make £x per anno of Barks. Wickham one of the farmores let one of the pasture
grounds which lyeth within his part to a Stranger and Hath Sufforred him to Cutt
Downe and Carrye a way 7 or 8 Tymber tree, this yeare 1 639 as I am credably informed."
Again he has the same complaint:
"Nota. The underwood of these woods is very much Spoyled by Turninge in of younge
Cat tell upon the first yeares groeth and by not fencinge off one fall from Another,
and therby the coppiceings wilbe of Small value in Short Tyme."
He does not mind pointing out mistakes to Lord Craven:
"There is a Close of pasture lying by the Abbye called Truemans patch which
was sould to Sir Edward hongerford Sythence (since?) my Lord bought the mannors
which if my Lord keepe the Mannors hee had byn better to have given £300 then
to have sould the said parcell of Land."
And finally we have this entry referring to the way the Grange land in the open
fields is being farmed:
"The very Tythe yearly and the Sheepe pasture in these open feilds are of
more worth yearely then the ground is rated at in this Survey, both the pasture
and Earrable Land would be much ymproved, if the Tennants were Sufficient and
able men fully to Stock and Mannage the same, but they are ppore and live uppon
the Spoyle and wast of wood and tymber and none Looke after them."
In the Parish Register, a copy of which is at Somerset Archives, Taunton for the
years 1546- 1733, the following names of people still living in the village are
first mentioned, and it is possible that some living here now are descendants
of those mentioned. The names are given in alphabetical order.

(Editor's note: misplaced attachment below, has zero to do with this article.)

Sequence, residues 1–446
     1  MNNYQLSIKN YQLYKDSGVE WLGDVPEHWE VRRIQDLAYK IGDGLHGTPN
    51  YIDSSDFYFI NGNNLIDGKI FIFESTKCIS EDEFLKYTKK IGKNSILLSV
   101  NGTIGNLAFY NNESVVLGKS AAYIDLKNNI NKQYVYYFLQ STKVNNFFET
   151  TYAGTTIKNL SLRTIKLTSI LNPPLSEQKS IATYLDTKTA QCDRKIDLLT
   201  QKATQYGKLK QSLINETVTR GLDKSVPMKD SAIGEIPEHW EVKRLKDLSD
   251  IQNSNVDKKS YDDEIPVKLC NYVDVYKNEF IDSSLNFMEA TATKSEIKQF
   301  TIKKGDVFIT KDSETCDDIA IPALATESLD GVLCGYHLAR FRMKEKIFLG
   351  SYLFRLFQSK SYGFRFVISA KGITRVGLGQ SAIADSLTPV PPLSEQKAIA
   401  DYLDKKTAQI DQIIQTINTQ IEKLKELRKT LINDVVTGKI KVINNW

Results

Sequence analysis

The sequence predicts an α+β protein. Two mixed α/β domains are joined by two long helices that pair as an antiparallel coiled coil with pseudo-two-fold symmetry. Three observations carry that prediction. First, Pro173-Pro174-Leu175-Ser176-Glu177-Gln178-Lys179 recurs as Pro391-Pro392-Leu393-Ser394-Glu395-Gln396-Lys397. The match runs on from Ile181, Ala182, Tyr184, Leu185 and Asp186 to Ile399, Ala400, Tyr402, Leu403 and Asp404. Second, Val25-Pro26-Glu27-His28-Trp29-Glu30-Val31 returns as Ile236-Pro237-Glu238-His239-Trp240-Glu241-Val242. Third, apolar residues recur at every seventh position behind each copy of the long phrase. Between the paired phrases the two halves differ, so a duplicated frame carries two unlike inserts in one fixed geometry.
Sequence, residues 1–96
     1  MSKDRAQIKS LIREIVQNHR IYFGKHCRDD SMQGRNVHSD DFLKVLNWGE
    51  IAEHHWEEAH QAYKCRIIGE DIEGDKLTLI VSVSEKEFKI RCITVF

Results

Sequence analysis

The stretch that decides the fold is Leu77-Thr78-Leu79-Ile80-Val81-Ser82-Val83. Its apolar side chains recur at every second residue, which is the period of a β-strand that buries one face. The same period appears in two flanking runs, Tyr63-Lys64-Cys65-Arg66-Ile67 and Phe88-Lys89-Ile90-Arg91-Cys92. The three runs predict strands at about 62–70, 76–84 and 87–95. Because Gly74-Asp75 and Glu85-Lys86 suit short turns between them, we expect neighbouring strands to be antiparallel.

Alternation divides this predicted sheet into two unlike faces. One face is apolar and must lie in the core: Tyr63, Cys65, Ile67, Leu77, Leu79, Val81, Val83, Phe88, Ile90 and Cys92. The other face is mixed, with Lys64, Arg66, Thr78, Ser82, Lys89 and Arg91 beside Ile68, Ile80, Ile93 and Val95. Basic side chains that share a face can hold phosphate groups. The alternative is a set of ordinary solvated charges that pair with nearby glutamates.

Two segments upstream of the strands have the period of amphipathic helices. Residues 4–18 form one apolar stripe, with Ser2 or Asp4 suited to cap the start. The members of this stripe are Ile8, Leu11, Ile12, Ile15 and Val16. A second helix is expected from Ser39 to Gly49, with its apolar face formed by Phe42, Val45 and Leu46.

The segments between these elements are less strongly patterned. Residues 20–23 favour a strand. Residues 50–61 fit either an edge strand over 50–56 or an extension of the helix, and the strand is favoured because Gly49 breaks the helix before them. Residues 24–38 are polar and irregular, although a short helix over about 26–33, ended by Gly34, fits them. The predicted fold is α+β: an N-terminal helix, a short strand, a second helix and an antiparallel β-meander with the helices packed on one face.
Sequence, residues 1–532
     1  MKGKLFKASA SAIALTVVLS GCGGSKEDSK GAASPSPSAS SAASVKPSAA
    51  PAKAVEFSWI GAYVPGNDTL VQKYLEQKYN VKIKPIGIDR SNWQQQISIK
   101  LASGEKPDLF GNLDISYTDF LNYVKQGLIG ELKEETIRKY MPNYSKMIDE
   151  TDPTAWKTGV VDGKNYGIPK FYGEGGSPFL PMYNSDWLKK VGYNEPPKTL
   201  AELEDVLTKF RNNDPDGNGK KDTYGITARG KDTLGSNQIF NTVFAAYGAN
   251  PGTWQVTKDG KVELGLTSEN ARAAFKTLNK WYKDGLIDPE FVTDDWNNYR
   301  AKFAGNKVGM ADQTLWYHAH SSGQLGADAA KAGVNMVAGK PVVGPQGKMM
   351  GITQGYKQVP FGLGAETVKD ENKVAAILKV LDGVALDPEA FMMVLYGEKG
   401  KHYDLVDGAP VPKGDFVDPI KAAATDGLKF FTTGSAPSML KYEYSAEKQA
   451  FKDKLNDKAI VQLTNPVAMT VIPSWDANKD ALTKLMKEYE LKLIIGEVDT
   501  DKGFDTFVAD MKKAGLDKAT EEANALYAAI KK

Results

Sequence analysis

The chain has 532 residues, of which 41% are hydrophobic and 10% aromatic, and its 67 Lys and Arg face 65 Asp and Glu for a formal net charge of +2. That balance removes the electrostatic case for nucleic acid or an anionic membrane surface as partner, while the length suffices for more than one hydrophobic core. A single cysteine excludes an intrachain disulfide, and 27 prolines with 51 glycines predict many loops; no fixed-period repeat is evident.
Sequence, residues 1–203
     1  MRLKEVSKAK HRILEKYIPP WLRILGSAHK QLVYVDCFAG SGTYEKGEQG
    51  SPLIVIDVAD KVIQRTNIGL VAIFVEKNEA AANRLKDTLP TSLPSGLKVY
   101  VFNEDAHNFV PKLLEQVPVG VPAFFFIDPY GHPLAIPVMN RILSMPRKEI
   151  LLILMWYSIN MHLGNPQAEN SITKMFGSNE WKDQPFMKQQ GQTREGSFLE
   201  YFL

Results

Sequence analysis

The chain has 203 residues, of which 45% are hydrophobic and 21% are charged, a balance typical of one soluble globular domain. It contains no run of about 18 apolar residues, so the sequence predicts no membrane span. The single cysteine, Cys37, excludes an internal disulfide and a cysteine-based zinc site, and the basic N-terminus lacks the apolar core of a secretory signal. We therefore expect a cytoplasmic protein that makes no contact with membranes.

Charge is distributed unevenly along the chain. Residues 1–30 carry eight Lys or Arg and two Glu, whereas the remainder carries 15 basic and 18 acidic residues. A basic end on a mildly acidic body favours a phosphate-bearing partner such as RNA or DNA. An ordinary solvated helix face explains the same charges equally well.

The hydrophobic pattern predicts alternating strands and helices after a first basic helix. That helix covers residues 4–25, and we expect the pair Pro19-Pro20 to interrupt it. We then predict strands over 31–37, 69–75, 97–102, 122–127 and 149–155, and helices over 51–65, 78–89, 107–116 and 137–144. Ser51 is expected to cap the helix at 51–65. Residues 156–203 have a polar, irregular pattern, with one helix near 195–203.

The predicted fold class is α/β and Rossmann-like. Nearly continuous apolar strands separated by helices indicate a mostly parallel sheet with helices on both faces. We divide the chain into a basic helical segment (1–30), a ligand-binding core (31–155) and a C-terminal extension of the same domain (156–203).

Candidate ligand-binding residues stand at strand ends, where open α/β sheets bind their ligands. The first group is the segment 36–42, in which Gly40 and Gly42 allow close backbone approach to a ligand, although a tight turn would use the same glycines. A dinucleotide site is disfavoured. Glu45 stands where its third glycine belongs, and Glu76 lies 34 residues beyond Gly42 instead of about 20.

Colborne, Thomas. Son of Thomas Colborne. Bap. Jan.7. 1653.
Francis, John & Johana -Twins of Edward Francis. Baptized July 31 1555.
Frappel, Richard. Son of Walter Frappel. Baptized April 2.1713.
Frapwell, Margaret. Married Daniel Durnell. Sept. 28. 1724.
Gerish, Martha. Baptized March 25. 1599.
Prescott, Hugh, son of Henry Prescott. Baptized Feb.4. 1682.
Pierse, (Thomas) married Ailisia Fisher. April 27.1601.
Swift, Mary, daughter of Joseph Swifto Baptized May 5. 1702.
Wilshear, Elynor, daughter of Ambrise Wilsheare. Baptized Jan. 23.1632.
A John Gerrish and Ann Gerrish of Pipehouse are mentioned in a Freshford Register
as paying Hearth Tax in 1665, and to pass on to a later date, in 1703 "John Gerrish
Gent. , and Philip his brother of Freshford conveyed land in Pipehouse to George
Dike of Limpley Stoke.
There is a large oval shaped depression near Norwood between Norton and Hinton
which is called the Bull Pit, and tradition has it that it was used for Bull Baiting
at one time. A great many houses have completely disappeared and the village is
much smaller now than it used to be, the largest number being in 1841 when 70
people were employed weaving and the population numbered 795 - as compared to
a population of just under 400 to-day. The old Crown Inn which stood where the
water-tank now is, was burnt down in the 1880's. Sparks from Mr. Colborne's traction
engine having set fire to the thatch in passing. Mrs. Ottery remembers being brought
to see it and how frightened she was, "the Inn had railings, steps, and a Barton.
There were cottages past the school opposite that old oak tree which, according
to an old picture was the same size in 1803 as it is to-day.